We shouldn’t jump to any conclusions about this one incident, although it if *was* an attempted exorcism, it would not be unique in involving violent and dangerous practices.  To take two examples from different parts of the world, in 2007 a Romanian priest was jailed for 14 years for conducting an exorcism that led to the death of a nun,  while in Japan last year a 13-year-old girl suffocated after being strapped down and doused with water by her father and a Buddhist monk who were trying to expel an “evil spirit”.

And there are all the children in places like Akwa Ibom state in Nigeria, and London, and all the women in places like India and Kenya, who get tortured to death for being “witches.”

Bullshit is not always harmless.

(This is a syndicated post. Read the original at FreeThoughtBlogs.)

Women are persons

Nov 30th, 2012 8:17 am | By

Yow – it really is cold. I got out there though. Walked around Parliament Hill and admired the stunning views of the river and Gatineau and the Gatineau hills and the distance. Saw three of the Cats of Parliament Hill sunning themselves on their front porches. I also admired the ugly-beautiful crazily grandiose architecture, just as I admired that of Manchester Town Hall. Saw the mouth of the Rideau canal. Also the Women are Persons! monument. Yes, Virginia, it really had to be argued that women are persons, and there really were people (men, that is) who said no they aren’t.

(This is a syndicated post. Read the original at FreeThoughtBlogs.)

Hello from Ottawa

Nov 29th, 2012 8:04 pm | By

I am here. Seanna and Eamon picked me up at the airport and took me out for a lovely hamburger at Hamburgers on Main (which is not on Main but Somerset).

Whoo, it’s cold here. I’m used to Seattle winters.

What’s new with you?

(This is a syndicated post. Read the original at FreeThoughtBlogs.)

Crossing Lake Michigan

Nov 29th, 2012 1:59 pm | By

I am in Toronto. Ok not really in, except literally – I’m at the airport. Anyway I’m where I’m supposed to be for the purpose of taking a short flight to Ottawa and showing up at Eschaton. I did not forget everything, I did not lose everything, I did not miss the bus or the plane, I did not leave everything on the plane, I did not get sucked into the engine. Success! Am I competent or what.

Did you see Dave Silverman on O’Reilly last night?I never watch O’Reilly except when Dave is on. You know what BillO’s new thing is? It’s to say that Christianity is not a religion, it’s a philosophy – and not just say it, but say it in that impatient, contemptuous, everybody-knows-that way that is so irritating even when it’s true, let alone when it’s complete bullshit.

Dave is the perfect guy to go on O’Reilly because he can be just as shouty and inyerface as O’Reilly is, if need be. It’s a treat to watch, because usually BillO just shouts people down.

(This is a syndicated post. Read the original at FreeThoughtBlogs.)

Spared again

Nov 29th, 2012 7:19 am | By

At the early morning airport.

It’s surprising how many people take the first #2 bus in the morning, which sets off at 5:03.

I will see some of you quite soon.

(This is a syndicated post. Read the original at FreeThoughtBlogs.)

The bishops really do mean it

Nov 28th, 2012 3:51 pm | By

Jen Gunter is also disturbed by what the Irish bishops said.

Terminating a pregnancy is “gravely immoral in all circumstances.” All circumstances includes 17 weeks and ruptured membranes. Unless I misunderstand the meaning of “all,” then Irish Catholic Bishops also view ending a pregnancy at 17 weeks with ruptured membranes and sepsis, either by induction of labor or the surgical dilation and evacuation (D & E), to be “gravely immoral.” They must also view ending a pregnancy for a woman who previously had postpartum cardiomyopathy and a 50% risk of death in her pregnancy as “gravely immoral.” So if you have a medical condition that is rapidly deteriorating because of your pregnancy, too bad for you if you live in Ireland. Because the mother and unborn baby have equal rights to life, Irish law spares women the anguish of choosing their own life. Neither can be first, so both must die.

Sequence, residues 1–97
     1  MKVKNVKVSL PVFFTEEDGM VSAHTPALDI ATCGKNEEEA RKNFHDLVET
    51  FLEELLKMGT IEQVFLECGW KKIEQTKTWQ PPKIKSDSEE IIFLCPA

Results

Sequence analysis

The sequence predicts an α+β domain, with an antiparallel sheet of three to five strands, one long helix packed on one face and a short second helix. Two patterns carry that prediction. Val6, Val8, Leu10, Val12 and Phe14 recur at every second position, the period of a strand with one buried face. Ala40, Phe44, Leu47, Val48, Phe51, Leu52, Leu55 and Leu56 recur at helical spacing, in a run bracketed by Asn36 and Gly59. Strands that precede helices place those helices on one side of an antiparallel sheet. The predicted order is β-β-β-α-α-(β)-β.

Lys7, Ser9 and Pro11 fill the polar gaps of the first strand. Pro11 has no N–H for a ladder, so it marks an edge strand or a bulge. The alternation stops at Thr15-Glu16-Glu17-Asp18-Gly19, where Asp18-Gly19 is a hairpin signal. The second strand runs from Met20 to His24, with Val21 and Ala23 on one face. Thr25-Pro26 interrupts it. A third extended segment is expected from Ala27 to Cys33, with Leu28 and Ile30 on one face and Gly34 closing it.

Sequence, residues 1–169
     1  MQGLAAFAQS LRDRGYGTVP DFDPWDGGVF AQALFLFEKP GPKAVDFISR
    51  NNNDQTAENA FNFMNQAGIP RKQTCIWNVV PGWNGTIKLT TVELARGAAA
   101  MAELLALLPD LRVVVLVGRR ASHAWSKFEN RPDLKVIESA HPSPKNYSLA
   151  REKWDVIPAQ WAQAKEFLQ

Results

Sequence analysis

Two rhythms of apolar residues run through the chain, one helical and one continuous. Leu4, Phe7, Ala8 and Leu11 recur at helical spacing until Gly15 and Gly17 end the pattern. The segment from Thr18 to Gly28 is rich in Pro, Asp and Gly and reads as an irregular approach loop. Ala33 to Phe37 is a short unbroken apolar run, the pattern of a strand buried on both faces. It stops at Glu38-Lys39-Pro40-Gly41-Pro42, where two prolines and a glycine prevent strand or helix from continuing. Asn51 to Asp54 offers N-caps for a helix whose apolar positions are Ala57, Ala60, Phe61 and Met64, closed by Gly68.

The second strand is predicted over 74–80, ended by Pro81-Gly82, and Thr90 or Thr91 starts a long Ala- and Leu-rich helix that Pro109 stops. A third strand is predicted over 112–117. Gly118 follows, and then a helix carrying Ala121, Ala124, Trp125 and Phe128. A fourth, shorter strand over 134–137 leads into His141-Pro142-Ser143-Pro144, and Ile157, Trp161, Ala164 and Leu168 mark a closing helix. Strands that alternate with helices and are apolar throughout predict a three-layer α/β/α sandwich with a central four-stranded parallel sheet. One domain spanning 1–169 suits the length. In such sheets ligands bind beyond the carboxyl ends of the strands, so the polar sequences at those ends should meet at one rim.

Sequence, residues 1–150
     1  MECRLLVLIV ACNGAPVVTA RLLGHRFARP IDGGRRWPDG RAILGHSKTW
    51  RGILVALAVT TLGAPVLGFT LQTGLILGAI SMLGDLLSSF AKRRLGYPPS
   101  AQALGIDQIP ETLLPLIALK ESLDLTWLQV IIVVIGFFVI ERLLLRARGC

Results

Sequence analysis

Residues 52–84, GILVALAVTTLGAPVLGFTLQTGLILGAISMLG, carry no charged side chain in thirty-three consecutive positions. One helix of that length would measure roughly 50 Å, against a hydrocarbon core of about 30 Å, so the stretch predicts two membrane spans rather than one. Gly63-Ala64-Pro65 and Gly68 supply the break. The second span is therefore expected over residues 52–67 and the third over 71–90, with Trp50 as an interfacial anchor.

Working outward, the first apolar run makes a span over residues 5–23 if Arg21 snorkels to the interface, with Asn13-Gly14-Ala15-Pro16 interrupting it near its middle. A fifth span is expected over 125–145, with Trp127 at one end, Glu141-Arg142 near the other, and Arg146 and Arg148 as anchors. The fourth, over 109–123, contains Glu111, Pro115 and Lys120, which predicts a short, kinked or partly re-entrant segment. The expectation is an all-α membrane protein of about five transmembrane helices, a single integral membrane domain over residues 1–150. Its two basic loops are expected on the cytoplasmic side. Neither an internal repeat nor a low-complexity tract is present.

Yes. That is also the position – the considered position, the insisted on, mandated, shoutingly ordered position – of all US bishops, because it is the position of their union, the US Conference of Catholic Bishops. That is the position the bishop of Phoenix tried to force St Joseph’s Hospital in Phoenix to promise in writing never to disobey again*.

posted about it last March.

Yes, Catholic bishops really do take the position that ending a pregnancy at 17 weeks with ruptured membranes and sepsis, either by induction of labor or the surgical dilation and evacuation (D & E), is gravely immoral. In Ireland they do and in the US they do.

They are scarier than almost anyone realizes. They really do try to compel Catholic hospitals to refuse to save women’s lives if they’re in situations like the one that Savita Halappanavar was in. It seems impossible but it’s true.

The statement from the Irish Catholic Bishops is medically nonsensical, contradictory, and immoral and as it represents a group of men who have never practiced medicine opining on an aspect of medical care that they clearly can’t understand.

The only thing this statement clarifies is how Irish physicians could easily be confused by an Irish abortion law steeped in religion, and thus reinforces the claim that Catholicism contributed to Dr. Halappanavar’s death.

Indeed. We desperately need separation of church and medicine.

*The hospital administration refused to obey the bishop

(This is a syndicated post. Read the original at FreeThoughtBlogs.)

Every time

Nov 28th, 2012 3:15 pm | By

Travel anxiety. I always. I always think I’ll forget everything, and miss the bus, and miss the plane, and miss the other plane, and leave all my stuff on the plane, and get sucked into the engines.

(This is a syndicated post. Read the original at FreeThoughtBlogs.)

Sorrowing bishops

Nov 28th, 2012 11:13 am | By

The Irish bishops have spoken up. Just as they spoke up when all that terrible stuff about child rape by priests and the moving of child-raping priests from job to job instead of reporting them to the law was coming to light despite decades of effort to keep it hidden. They say the same thing now as they said then. They’re very very very sad.

The death of Mrs. Savita Halappanavar and her unborn child in University Hospital Galway on the 28 October last was a devastating personal tragedy for her husband and family. It has stunned our country. We share the anguish and sorrow expressed by so many at the tragic loss of a mother and her baby in these circumstances and we express our sympathy to the family of Mrs. Halappanavar and all those affected by these events.